You were probably born into a nation that existed for a long time, so you didn't necessarily grant consent personally. You can leave. I understand that can have some financial costs, which I personally disagree with. If it were up to me, I'd let anyone renounce their citizenship at the border on their way out for free.

Comment: Re:Not a surprise (Score 2) 250

by SecurityGuy (#49432535) Attached to: Verdict Reached In Boston Bombing Trial

Exactly. People miss the point of this all the time. The rights you see granted to criminals aren't there for the benefit of the criminals. They're for YOUR benefit in the event you are brought up on charges but are actually innocent. Which actually happens sometimes.

YOU have the right of appeal in case you, innocent of any crime, are charged and convicted because someone screwed up. It's a consequence, not the intent, that the legitimately guilty also have that right. We can't take it from them without taking it from you because we don't know which is which. If we did have infallible knowledge of who is guilty and who is innocent, we wouldn't need to bother with trials.

Comment: Re:It's called mass transit (Score 1) 477

It's not profitable because you have to employ an expensive human to pilot the thing around.

If it makes financial sense for people to own autonomous cars, it will always be cheaper for n people to share less than n cars. The logical extension of that is municipal ownership of cars.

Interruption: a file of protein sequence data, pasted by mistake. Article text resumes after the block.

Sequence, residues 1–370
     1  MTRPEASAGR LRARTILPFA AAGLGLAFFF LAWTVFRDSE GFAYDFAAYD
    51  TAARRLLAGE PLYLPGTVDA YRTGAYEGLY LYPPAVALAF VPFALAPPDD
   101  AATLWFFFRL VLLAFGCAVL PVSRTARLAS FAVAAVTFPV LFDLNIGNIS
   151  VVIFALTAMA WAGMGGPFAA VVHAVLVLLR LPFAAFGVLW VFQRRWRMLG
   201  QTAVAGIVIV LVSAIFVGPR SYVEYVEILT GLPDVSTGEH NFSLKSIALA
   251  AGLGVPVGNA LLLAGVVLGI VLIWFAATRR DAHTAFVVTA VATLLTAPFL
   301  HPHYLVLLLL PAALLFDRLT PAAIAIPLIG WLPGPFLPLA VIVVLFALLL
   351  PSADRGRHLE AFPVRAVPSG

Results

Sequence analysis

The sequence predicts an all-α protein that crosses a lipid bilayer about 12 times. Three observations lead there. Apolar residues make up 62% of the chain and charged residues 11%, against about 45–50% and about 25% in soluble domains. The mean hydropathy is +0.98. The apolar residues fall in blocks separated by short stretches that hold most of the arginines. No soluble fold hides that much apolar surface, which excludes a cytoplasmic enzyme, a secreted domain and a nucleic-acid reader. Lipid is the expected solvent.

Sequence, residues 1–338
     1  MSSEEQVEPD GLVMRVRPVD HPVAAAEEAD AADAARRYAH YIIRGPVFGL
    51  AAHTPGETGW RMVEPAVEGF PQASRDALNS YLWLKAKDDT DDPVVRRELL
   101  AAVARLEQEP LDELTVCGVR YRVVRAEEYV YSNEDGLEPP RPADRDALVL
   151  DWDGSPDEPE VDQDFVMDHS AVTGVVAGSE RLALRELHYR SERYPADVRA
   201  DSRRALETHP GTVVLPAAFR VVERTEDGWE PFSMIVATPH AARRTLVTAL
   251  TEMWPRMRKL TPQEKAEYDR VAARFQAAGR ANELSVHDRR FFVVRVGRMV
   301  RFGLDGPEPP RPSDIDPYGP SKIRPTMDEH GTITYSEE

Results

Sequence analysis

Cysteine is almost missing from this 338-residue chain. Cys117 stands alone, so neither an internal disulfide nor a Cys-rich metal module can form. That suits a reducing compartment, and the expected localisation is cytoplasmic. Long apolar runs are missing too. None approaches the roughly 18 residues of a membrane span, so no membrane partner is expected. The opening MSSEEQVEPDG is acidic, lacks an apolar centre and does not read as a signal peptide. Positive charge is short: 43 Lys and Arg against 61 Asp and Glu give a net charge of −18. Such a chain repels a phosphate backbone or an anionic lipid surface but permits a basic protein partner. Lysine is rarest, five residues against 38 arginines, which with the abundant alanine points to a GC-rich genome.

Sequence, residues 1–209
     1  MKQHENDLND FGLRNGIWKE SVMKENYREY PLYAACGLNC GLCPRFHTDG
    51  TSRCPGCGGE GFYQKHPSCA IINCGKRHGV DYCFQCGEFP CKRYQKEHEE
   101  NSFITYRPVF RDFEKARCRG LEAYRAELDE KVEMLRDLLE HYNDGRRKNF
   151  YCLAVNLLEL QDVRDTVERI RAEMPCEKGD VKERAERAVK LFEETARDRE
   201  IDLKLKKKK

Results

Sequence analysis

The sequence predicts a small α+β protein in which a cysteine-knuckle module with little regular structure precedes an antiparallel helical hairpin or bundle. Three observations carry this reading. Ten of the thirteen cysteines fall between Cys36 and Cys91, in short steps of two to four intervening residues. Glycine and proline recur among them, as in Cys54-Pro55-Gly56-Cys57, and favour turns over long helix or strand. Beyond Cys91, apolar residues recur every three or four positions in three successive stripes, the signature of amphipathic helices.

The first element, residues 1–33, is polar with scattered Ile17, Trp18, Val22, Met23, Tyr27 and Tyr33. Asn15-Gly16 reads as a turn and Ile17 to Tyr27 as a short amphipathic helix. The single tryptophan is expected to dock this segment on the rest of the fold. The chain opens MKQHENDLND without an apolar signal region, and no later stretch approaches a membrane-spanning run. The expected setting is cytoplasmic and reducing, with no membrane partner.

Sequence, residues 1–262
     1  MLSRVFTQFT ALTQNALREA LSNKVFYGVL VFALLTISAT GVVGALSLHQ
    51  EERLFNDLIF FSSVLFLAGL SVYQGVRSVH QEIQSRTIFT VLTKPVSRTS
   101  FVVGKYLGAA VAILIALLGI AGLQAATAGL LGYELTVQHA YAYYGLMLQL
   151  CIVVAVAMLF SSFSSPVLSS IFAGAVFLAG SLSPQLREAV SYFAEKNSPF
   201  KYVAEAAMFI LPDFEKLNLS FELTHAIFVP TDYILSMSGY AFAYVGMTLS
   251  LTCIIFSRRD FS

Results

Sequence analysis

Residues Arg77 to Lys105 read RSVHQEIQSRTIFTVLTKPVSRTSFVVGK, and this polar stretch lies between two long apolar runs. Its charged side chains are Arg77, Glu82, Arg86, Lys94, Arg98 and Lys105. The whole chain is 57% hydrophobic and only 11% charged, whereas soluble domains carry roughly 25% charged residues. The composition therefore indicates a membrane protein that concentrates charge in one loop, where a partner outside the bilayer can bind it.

Comment: Re:And those of us who enjoy driving? (Score 1) 477

I don't know, I think he might well be. Insurance only gives me money if you break my stuff or injure (or kill) me. I can live with the first, but I won't make #2 and #3 voluntary trades. If we get to a point where self driving cars are much safer than human driven cars, I can see us getting to a point where you don't get to drive just because you like to. At least not on the same roads as the rest of us.

I like to drive at 100+ mph, but doing so was legislated off the roads because 55/65/70/whatever is safer. I'm not sure this is any different. When I want to drive 100+ mph, there are private places called race tracks where I can still do it.

Comment: Re:It's called mass transit (Score 1) 477

No, it's not.

It takes me about 25 minutes to drive home.

According to Google, mass transit would get me home in 2 and a half hours, 40 minutes of which is walking, so inclement weather would be fun, and it would cost me about $3.50. It costs me $2.50 in gas to make the same drive. Yes, I'm neglecting the other costs of owning a car, but any way you slice it, mass transit is an awful solution to the problem of getting me to and from work every day.

IF mass transit evolves to the point where it really is any point-to-point, any time I want it, such as publicly owned autonomous cars, then that would be fine. Current mass transit is vastly inferior to owning a car for my needs.

Comment: Re:Poor quality of courses (Score 1) 145

by SecurityGuy (#49386131) Attached to: The End of College? Not So Fast

(*) Keep in mind that I'm critiquing the course, and not Professor Koller.

Are you sure? Why not? Presenting anything by reading the slides is terrible. People read faster than they speak, so while the presenter drones on, the audience has already read the slide and is just awkwardly sitting there waiting for the presenter to shut up and get on with it.

Comment: Re:I always just declined when they asked (Score 1) 262

by SecurityGuy (#49340735) Attached to: RadioShack Puts Customer Data Up For Sale In Bankruptcy Auction

Varies by company and time. I've had Radio Shack refuse to sell me stuff without a phone number. That was probably in the 90s. Lately, Sears has been getting aggressive about it. I got lectured with some crap about Sears becoming a "member oriented" company by some college educated sales guy who couldn't get a real job, when I politely declined to give them my phone number.

Good for you, Sears. Keep the merch. I'll buy it from someone else.

When it is not necessary to make a decision, it is necessary not to make a decision.